Why is Financial Literacy Important for Families?

Why is Financial Literacy Important for Families?

whatisfinancialliteracyJason Hartman’s team has been noticing that a fair amount of searchers are finding us by asking this simple question—why is financial literacy important? And while we’ve written about a variety of topics, we’re very dedicated to the practice of educating people—of teaching them to be financially literate citizens of the world.

Let’s first provide a definition. According to a publication from the US Treasury Department, financial literacy is the ability to use knowledge and skills to manage financial resources effectively for a lifetime of financial well-being. And we’re committed to that—helping you to reach your financial goals and build wealth throughout your lifetime, no matter your age or income.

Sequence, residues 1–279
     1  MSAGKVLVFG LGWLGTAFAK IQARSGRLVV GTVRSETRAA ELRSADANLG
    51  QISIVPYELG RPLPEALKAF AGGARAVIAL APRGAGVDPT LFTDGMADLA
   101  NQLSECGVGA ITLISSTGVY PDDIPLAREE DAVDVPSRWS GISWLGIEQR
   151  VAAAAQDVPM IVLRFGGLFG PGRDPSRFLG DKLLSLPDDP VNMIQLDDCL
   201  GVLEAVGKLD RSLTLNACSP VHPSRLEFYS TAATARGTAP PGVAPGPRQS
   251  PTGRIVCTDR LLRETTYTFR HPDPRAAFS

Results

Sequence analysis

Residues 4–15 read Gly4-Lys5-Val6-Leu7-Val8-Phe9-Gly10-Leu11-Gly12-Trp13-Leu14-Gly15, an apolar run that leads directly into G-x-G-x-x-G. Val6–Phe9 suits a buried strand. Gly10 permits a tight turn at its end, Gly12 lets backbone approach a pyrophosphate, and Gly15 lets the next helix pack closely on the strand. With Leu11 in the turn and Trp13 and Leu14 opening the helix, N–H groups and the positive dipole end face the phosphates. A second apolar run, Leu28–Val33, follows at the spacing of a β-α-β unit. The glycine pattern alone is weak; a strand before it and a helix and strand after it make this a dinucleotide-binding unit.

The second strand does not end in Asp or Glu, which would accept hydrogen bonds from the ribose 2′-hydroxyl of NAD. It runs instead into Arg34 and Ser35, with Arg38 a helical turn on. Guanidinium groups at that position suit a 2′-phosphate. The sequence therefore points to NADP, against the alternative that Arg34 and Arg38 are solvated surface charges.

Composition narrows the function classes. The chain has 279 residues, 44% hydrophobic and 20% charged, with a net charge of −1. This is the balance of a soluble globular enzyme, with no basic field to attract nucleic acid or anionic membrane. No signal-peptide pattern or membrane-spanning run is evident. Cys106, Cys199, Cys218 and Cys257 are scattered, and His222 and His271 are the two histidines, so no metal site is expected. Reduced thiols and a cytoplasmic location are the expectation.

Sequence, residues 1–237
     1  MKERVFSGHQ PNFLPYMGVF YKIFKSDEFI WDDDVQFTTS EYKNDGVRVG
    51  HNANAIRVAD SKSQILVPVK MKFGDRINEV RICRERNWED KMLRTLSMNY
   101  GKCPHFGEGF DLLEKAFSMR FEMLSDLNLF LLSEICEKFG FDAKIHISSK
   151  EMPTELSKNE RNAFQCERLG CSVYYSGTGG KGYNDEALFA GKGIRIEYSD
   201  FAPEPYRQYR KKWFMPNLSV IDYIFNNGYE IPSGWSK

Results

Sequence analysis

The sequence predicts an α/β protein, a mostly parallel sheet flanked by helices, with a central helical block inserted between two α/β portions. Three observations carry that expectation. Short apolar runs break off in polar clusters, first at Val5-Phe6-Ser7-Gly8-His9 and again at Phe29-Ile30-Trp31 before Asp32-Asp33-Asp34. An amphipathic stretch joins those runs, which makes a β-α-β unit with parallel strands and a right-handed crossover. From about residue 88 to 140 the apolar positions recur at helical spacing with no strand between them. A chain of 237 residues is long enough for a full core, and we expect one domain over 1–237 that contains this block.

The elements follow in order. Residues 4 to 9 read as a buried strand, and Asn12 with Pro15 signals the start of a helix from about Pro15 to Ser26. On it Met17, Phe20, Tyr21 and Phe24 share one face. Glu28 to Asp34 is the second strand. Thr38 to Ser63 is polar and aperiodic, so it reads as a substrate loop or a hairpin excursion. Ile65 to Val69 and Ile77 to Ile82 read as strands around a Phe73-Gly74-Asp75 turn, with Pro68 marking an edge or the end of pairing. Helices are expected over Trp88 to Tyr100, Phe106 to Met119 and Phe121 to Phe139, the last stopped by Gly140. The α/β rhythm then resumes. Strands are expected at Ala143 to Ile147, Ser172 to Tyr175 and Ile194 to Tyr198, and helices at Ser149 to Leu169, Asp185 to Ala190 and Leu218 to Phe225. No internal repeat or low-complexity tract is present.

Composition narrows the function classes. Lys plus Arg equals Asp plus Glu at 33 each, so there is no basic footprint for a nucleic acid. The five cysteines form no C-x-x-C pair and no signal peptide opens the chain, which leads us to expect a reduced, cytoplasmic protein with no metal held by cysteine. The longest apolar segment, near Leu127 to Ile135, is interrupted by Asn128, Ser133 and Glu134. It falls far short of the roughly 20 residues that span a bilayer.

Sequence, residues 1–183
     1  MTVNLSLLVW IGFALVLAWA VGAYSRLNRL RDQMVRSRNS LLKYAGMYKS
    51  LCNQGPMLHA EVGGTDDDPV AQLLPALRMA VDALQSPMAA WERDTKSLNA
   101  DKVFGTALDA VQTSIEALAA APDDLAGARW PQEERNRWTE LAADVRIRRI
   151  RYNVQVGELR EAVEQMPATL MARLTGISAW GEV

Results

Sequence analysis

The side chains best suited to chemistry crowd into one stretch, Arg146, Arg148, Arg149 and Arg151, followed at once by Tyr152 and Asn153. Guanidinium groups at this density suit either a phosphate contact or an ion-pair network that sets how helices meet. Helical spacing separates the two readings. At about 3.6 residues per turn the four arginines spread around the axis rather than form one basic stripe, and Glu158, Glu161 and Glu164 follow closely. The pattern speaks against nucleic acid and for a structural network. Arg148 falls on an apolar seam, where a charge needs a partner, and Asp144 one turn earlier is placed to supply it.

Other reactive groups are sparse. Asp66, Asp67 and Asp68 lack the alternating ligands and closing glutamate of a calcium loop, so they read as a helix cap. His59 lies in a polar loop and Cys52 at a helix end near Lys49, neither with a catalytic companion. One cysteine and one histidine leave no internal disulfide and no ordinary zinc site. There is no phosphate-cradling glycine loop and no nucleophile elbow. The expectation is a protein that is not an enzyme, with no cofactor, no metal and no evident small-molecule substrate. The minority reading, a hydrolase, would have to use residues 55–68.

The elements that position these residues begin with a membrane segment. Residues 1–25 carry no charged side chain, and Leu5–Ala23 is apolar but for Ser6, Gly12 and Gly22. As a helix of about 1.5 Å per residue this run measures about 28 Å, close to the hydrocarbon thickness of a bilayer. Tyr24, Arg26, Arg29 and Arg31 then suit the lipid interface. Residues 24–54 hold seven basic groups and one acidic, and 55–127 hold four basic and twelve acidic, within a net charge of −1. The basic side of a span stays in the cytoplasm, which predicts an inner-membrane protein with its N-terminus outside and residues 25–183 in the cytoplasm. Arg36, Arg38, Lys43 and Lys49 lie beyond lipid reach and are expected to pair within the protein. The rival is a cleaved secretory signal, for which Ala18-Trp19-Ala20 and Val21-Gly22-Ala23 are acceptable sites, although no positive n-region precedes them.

But why is financial literacy so important?

There are a few reasons. First, you’re going to need to retire someday. Social Security is no longer the major source of retirement income it once was, and your smart savings now will really pay off in the long run. You want to be financially literate to make your retirement not just survivable, but enjoyable.

And, you may have noticed, we’re living longer. While we’re very happy about that, it’s important to account for those extra years we’ve got to fund. No one wants to be a burden to their family, and sound financial practices now will ensure that doesn’t happen.